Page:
Trout rarely gets the attention it deserves, but it is a great little option if you are not so keen on salmon and the punchy oily taste.
I love trout as an alternative to salmon and find that it is also a little lighter and slightly sweeter in taste, especially if you struggle with appetite after a really hard session.
Fresh trout from the lake or sea trout are all suitable options; and if purchasing in a supermarket, you can buy as fillets just like salmon we are accustomed to seeing and also as fillets. Trout can also be bought as whole bright, rainbow sheen to their skin. The lake variety are often a little lighter tasting than sea caught varieties. It is often a little cheaper than salmon too.
Many people shy away from cooking fish when actually it is one of the most simple and easy sources of protein to cook, and takes less than 10-20 minutes to cook. Now that’s a super simple quick supper!
Whilst salmon is often the fish of choice more often in an athletes diet due to its highest sources of omega 3 fatty acids EPA and DHA. In fact, if you eat oily fish, such as salmon twice a week you meet your weekly requirements for omega 3!
Trout, like salmon, also has omega 3 fatty acids, although slightly lower (50%) in total fat when compared to salmon. So therefore, it’s profile is about 1g of omega 3 fatty acids per 100g versus 3g omega 3 in salmon. With it’s lower fat content, we obviously see a lower energy content per 100g, but it is matched with salmon at 21g protein per 100g serving.
Both salmon and trout are good sources of iodine which is required for the synthesis of hormones T3 and T4. These hormones play a role in protein synthesis and enzyme activity in major organs including the brain, muscle, and heart. Like salmon; trout also has bioactive peptides (proteins) that help to decrease inflammation and oxidative stress, which, in turn, may have an impact on helping to support recovery. I love including oily fish into an athletes diet and always encourage this, where the athlete can tolerate it. Plant sources such as flaxseeds also provide omega 3, but their omega 3 is in the form ALA and is poorly converted to EPA and DHA in the body.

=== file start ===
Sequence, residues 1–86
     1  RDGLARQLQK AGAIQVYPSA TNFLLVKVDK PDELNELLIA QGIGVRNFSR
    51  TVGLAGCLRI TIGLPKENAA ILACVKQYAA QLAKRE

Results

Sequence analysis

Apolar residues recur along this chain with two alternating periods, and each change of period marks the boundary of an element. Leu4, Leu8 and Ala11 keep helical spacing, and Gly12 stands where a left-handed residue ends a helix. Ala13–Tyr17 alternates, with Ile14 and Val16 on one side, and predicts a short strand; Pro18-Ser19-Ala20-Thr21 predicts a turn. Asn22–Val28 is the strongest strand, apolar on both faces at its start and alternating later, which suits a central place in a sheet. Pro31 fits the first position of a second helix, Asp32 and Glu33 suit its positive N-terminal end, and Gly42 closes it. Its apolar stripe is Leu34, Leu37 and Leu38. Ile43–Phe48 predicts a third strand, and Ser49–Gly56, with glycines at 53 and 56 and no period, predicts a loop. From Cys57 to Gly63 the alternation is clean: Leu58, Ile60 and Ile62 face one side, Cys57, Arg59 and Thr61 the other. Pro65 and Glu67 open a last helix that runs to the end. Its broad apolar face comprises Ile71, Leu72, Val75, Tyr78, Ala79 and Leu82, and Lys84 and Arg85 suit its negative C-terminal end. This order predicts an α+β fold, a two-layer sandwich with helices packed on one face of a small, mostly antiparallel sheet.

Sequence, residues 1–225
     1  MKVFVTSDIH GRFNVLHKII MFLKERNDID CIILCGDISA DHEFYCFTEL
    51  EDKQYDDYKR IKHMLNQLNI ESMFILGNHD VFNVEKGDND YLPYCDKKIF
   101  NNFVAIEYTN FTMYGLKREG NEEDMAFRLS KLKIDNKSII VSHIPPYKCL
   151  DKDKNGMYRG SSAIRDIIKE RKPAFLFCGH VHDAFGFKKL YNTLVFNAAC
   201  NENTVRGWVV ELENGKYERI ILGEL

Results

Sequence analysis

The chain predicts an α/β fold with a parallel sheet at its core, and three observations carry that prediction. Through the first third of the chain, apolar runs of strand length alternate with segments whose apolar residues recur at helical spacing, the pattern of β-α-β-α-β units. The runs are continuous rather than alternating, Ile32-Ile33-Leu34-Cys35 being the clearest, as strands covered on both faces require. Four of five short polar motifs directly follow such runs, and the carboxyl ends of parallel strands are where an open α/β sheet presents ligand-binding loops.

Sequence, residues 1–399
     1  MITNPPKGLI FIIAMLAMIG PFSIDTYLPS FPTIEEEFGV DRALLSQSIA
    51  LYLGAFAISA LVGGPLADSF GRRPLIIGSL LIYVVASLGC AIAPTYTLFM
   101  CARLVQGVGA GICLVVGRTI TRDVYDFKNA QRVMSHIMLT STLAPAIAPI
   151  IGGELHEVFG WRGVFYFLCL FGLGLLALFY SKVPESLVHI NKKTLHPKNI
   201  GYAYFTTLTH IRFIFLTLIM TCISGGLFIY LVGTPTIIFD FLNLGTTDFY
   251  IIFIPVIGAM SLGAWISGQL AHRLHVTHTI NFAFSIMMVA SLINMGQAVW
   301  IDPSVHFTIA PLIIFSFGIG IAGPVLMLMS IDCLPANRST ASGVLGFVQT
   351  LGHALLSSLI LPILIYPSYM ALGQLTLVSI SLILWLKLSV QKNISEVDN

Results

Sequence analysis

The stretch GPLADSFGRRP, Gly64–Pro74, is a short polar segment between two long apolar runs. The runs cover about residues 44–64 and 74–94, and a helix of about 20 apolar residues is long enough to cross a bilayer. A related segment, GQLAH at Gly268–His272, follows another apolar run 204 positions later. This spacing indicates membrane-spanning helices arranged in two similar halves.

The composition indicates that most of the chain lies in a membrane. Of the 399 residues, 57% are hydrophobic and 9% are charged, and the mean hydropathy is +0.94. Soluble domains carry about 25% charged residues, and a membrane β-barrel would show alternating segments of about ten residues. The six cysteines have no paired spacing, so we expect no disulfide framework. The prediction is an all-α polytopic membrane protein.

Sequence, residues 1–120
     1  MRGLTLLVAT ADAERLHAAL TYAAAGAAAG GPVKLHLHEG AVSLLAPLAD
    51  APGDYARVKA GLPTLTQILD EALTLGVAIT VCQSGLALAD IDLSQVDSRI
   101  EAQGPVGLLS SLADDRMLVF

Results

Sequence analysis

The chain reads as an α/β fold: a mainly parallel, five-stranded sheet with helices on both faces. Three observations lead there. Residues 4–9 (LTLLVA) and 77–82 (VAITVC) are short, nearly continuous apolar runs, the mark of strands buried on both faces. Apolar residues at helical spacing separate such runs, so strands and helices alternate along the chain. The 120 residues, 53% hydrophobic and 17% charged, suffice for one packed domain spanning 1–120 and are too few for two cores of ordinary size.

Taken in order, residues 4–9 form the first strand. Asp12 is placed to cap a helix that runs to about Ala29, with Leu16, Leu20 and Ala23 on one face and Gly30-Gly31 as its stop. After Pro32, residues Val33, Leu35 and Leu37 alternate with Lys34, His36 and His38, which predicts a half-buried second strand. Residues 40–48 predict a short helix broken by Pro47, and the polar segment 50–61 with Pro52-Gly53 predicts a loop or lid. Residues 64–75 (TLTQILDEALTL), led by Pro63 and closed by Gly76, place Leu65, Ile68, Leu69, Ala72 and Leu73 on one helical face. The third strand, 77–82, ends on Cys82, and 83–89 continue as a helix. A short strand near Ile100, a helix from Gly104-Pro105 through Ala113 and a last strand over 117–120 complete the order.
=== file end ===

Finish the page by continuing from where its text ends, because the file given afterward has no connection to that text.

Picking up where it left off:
One of the amino acids both salmon and trout contains is tryptophan. This little amino acid is rather mighty and is termed as an essential amino acid, as the body can not make it. The body converts tryptophan to 5-HTP and then to serotonin, melatonin and B6, so it has a role in sleep, mood and energy, to put it in very simple terms! Just a 1g dose of tryptophan can improve sleep latency or the time before falling asleep. We need a higher amount of tryptophan than the other amino acids, such as, leucine to be able to get across the blood brain barrier, and salmon, trout, and dairy are great sources. In addition, making sure we get enough carbohydrates also will help with moving tryptophan across the brain barrier; as the branched chain amino acids are pulled into muscle with the release of insulin.
So Trout is super simple, quick, tasty and has many benefits to health, recovery and sleep. If you are not so keen on salmon why not take the plunge and try trout?!
Here is one of those recipes that looks and tastes beautiful- not to mention, all the abovementioned health benefits!
You Will Need:
Lemon Juice 40ml
fresh coriander, a handful
1 raw shallot
2 large trout filets
1. Heat the oven to 200c/fan 180c/gas 6.
2. On a tray place a large piece of baking paper or foil and lay the trout on top.
3. Simply squeeze the lemon and or lime onto the trout fillets
4. Scatter the fennel ends, sprinkle with the shallots and handful parsley and corridor Fold the ends of the paper and roll into a little parcel.
5. Cook for 15-20 minutes - do not overcook, check on the fish after 15 mins